This is Greek tragedy in its purest form that is nevertheless slightly tainted by geek cinema in its most puerile. Back and forth we go, flashbacking and catching up and doubling back on itself that works in setting things in motion, but becomes an unnecessary distraction once Kelly Masterson’s screenplay produces more than just its criminal aces. A more straightforward narrative would have gone a long way to not just ramp up the tension but bring the rivets of this family’s downfall to slowly melt until we are all burned by the final shocker. Shifting the time structure is more often about allowing us to piece together a puzzle and then pulling one rug after another on discoveries about who may have been involved or a key piece of info that puts everything into perspective. Before the Devil Knows You’re Dead doesn’t have that key, and that’s fine, but don’t just gimmick yourself out to the point where you become just another version of the reverse Seinfeld episode.

Hardly ruining the film, (just muting its overall impact), Lumet and his actors do great work up and down. From Hoffman’s strong exterior slowly cracking to Hawke consistently behaving the part of the more sympathetic amateur, they are leading a pack of pros filling what would easily have been minor throwaway roles. Marisa Tomei is more than just a fabulous naked body throughout (although that's amply on display as well) while O’Byrne and particularly Michael Shannon take center stage in their brief appearances. But it’s Albert Finney who takes charge of the film’s final hour, monitoring his sorrow with the rage that he’s the only one who cares about what he’s lost. It’s a more restrained take on the similar role Sean Penn portrayed in Mystic River. Performances alone it’s easy to recommend the film; Lumet’s strongest work since 1997’s underseen Night Falls On Manhattan. It’s just unfortunate that the title reflects the film’s weakness since the devil is in the details and there is no “before” to his knowledge that it’s not going to end well.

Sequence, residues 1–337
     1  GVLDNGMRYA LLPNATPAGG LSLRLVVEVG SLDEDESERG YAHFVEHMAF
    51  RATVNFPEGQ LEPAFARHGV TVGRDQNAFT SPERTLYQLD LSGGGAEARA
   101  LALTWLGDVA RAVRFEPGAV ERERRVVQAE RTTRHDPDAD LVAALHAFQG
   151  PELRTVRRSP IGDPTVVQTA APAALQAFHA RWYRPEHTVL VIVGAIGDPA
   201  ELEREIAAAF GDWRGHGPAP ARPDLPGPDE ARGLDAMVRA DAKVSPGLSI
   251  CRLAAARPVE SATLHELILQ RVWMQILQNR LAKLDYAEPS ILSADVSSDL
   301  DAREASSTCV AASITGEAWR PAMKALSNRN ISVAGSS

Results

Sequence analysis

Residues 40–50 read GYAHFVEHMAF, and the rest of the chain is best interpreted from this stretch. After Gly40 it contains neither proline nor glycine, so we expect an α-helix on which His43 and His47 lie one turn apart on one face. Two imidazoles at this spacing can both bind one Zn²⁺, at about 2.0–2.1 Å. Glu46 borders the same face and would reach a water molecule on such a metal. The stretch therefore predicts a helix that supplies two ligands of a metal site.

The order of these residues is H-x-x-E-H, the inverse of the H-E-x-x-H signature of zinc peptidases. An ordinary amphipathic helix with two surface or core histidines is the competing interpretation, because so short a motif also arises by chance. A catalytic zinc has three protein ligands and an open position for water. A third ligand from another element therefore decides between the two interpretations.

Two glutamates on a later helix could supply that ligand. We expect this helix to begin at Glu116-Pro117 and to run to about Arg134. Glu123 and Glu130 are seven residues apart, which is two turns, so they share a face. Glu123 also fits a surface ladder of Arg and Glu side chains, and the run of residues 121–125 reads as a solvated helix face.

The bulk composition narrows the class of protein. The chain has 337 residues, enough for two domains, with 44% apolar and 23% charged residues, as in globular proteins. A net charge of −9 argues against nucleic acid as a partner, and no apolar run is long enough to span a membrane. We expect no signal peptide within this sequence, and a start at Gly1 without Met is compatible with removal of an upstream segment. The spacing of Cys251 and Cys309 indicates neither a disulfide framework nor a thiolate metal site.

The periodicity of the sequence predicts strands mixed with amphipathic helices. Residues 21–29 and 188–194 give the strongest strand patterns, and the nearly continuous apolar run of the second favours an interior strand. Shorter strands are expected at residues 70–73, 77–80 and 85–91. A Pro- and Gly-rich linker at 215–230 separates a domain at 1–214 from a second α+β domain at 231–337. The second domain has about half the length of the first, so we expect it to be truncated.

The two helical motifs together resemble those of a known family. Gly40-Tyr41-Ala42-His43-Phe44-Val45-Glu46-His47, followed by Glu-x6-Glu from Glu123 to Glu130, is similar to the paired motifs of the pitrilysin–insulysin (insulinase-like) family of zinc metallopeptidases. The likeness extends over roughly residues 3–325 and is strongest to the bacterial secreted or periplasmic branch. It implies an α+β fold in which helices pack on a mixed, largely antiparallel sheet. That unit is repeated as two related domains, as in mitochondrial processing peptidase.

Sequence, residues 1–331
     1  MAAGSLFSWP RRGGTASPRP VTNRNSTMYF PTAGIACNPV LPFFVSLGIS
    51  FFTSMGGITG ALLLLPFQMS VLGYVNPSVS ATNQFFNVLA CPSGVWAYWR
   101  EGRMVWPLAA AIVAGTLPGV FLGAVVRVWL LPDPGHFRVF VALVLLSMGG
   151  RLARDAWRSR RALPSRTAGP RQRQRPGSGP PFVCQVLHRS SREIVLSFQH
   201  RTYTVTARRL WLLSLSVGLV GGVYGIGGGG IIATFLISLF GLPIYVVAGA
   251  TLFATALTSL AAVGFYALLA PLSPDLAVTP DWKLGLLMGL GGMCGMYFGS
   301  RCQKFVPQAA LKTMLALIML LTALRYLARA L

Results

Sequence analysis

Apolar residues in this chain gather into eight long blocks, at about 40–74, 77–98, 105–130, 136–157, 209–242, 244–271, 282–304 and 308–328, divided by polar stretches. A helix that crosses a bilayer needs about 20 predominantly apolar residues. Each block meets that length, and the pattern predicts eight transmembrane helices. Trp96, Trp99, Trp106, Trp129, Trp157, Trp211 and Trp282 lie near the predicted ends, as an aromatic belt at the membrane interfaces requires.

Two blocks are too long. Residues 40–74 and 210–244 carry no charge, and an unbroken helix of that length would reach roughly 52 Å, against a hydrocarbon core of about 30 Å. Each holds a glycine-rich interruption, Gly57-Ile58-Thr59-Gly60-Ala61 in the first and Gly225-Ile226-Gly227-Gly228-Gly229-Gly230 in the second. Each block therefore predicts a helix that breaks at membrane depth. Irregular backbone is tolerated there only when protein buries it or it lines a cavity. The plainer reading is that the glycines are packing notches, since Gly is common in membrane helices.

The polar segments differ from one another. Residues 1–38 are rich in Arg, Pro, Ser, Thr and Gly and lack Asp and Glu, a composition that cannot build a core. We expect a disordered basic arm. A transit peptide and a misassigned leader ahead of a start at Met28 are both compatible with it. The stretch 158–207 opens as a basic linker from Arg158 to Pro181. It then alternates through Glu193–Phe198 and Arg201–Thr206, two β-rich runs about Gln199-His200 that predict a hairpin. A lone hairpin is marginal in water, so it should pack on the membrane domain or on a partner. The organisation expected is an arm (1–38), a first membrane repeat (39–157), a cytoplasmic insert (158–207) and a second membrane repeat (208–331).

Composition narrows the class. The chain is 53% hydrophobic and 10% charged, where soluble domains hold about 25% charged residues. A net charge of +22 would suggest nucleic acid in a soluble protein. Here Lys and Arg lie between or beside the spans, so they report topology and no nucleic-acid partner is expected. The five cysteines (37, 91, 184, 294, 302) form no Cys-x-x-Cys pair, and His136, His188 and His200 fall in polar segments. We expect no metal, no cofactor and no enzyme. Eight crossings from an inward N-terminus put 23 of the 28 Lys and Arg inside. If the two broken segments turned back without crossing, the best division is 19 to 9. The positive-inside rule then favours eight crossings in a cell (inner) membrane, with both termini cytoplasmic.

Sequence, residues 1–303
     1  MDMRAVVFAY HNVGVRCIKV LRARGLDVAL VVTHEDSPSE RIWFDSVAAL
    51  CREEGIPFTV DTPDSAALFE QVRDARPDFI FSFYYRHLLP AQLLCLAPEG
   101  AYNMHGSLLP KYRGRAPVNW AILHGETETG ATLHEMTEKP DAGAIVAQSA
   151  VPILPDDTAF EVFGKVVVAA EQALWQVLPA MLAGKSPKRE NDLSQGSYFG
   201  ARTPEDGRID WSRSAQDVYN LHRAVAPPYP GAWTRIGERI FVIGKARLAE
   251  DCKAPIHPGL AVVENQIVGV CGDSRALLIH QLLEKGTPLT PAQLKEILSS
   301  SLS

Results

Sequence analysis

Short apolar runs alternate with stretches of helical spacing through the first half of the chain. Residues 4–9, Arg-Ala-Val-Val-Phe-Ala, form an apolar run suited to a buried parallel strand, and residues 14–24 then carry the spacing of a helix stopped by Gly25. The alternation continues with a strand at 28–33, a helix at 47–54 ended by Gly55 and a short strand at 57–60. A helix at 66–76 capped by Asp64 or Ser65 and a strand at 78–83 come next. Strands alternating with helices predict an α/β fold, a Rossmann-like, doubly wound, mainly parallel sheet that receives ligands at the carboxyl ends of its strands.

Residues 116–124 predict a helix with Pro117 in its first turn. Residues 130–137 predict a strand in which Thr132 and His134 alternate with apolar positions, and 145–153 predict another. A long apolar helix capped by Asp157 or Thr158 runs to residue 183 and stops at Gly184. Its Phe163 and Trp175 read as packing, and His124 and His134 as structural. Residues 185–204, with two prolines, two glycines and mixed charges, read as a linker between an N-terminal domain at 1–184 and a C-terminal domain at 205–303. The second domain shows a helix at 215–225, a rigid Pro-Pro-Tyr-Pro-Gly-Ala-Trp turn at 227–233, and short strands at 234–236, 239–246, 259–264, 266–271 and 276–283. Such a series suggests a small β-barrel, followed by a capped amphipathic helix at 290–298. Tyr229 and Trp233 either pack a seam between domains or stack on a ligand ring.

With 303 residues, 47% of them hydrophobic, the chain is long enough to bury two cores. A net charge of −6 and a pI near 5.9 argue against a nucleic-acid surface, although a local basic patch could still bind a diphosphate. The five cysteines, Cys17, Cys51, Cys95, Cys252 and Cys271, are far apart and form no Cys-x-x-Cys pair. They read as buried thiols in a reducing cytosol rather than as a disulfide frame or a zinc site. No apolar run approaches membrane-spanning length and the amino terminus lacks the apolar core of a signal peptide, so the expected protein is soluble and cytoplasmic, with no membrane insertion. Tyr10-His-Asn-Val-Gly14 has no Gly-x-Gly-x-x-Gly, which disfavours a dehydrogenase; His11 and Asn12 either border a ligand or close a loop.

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originally posted: 10/26/07 14:00:00
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OFFICIAL SELECTION: 2007 Toronto International Film Festival For more in the 2007 Toronto International Film Festival series, click here.
OFFICIAL SELECTION: 2007 Chicago International Film Festival For more in the 2007 Chicago International Film Festival series, click here.

User Comments

9/14/17 morris campbell good not great 4 stars
12/28/15 wendell otis maness freddy dead, nat guard gots him 5 stars
4/30/15 darryl schultz It kept me glued to the screen throughout,which is more than I can say of 95% of movies. 5 stars
4/16/12 RLan Weak script and jumped around too much. A good one to skip. 2 stars
12/01/10 wendell maness freddy maness dead kaput i liked this film alot 5 stars
6/11/10 MP Bartley Hoffman shines, Hawke struggles, and the film is dramatically inert. 2 stars
7/13/09 Carol Baker Good Actors but only average plot 3 stars
3/13/09 bronson great great movie. wished it ended more completely 5 stars
2/01/09 Anonymous. wow...what an ending! 5 stars
1/03/09 Lumet is a genius Great stuff. 4 stars
1/02/09 mr.mike Very good , despite the unnecessary time shifting. 4 stars
11/23/08 brian Brilliantly performed and directed but VERY depressing. 4 stars
11/12/08 viagra hi webmasters good 2 stars
8/05/08 R.W. Welch The problem here is there is no one to root for; ergo, not very involving. 3 stars
5/30/08 Proper amateur film critic Brilliant. from one of the truly great directors of all time 5 stars
5/05/08 Monday Morning Ethan Hawke deserves an Oscar for this. So do Marisa Tomei's sweater puppies. 4 stars
4/17/08 action movie fan fairly interesting but ultimately not exciting enough to make this work 3 stars
3/28/08 joe a movie to watch 4 stars
3/20/08 mona cool post dude 5 stars
2/11/08 Wendell Maness I am dead, yes dead and rotting 2 stars
12/06/07 Ole Man Bourbon Jeez, and I thought my life was a mess. 5 stars
12/05/07 Elizabeth Hoffman and Hawke are terrific. Dark and suspenseful. 4 stars
11/12/07 Butt Acting makes it worth a look, otherwise it's pretty average 4 stars
11/12/07 Bert Kaplan Dysfunctional people bringing out the worst in each other. What a bleak outlook.Distasteful 2 stars
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  26-Oct-2007 (R)
  DVD: 15-Apr-2008